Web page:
• Filmmaker Helen Demichiel embarked on a traditional documentary about activists who were trying to change the way children eat in Oakland’s public schools. As the cultural and policy conversation about childhood obesity gained momentum, the project morphed into a Website with webisodes, activist tools and curriculum guides, and a forum for community engagement.
  • Kenji Yamamoto and his partner Nancy Kelly produced Rebels With A Cause, the story of how activists saved the Marin Headlands as open space starting in the 1950s. He talked about how social media tools allowed him to organize around the project, overcome barriers and become his own distributor for the film.
  • Zeresnay Berthane Mehari wrote and directed Difret, a feature film about a 14-year old girl who was abducted for marriage and later became the first girl in Ethiopia to be acquitted of murder on grounds of self-defense. The project, which took six years, has won multiple film festival awards and is this year’s Ethiopian entry for the Academy Awards.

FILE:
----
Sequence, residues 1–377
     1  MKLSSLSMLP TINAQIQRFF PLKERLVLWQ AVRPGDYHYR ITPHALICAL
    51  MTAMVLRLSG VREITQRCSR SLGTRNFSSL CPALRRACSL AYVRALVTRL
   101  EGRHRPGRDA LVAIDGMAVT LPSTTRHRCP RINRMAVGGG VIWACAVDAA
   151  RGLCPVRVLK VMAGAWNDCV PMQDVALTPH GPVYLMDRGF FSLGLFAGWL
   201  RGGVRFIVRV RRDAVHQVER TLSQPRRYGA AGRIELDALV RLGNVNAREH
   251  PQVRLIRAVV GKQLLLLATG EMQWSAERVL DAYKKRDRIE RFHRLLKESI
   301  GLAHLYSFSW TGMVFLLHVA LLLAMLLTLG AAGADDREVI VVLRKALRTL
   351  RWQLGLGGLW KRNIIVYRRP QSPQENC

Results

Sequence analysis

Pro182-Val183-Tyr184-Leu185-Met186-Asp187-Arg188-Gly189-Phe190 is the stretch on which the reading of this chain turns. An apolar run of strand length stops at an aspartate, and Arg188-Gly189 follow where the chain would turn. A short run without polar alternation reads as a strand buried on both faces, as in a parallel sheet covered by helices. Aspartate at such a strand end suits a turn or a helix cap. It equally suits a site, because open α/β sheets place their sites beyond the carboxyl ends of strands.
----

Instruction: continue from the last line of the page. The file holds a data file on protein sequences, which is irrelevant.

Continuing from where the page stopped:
• Wendy Levy, the executive director of the National Alliance for Media Arts and Culture (NEMAC), described the Oakland Fence Project, a large-scale interactive art project that will debut in Oakland’s Jack London Square in 2016. It’s built around a fence on which 6-foot-high photographs will be displayed. Observers will be able to get more information about the photos, artists and NGOs the artists support from their mobile phones while they stand in front of the pictures. They’ll also be able to buy the art or make a donation in the moment. It sounds brilliantly counterintuitive: a fence symbolizing a gathering place, as in “Meet me at the fence,” rather than a dividing line.

With each film, the rise and availability of new digital channels—though not necessarily case studies for integrated, transmedia storytelling—played different and important roles in their success.

For example, Yamamoto said he was unable to get a Bay Area theatrical release without a review in The San Francisco Chronicle. But in a kind of Catch-22, he could not get a Chronicle review without a guaranteed San Francisco theatrical run. He and his wife secured a screening at The Roxie, in San Francisco, and persuaded the Chronicle to review it.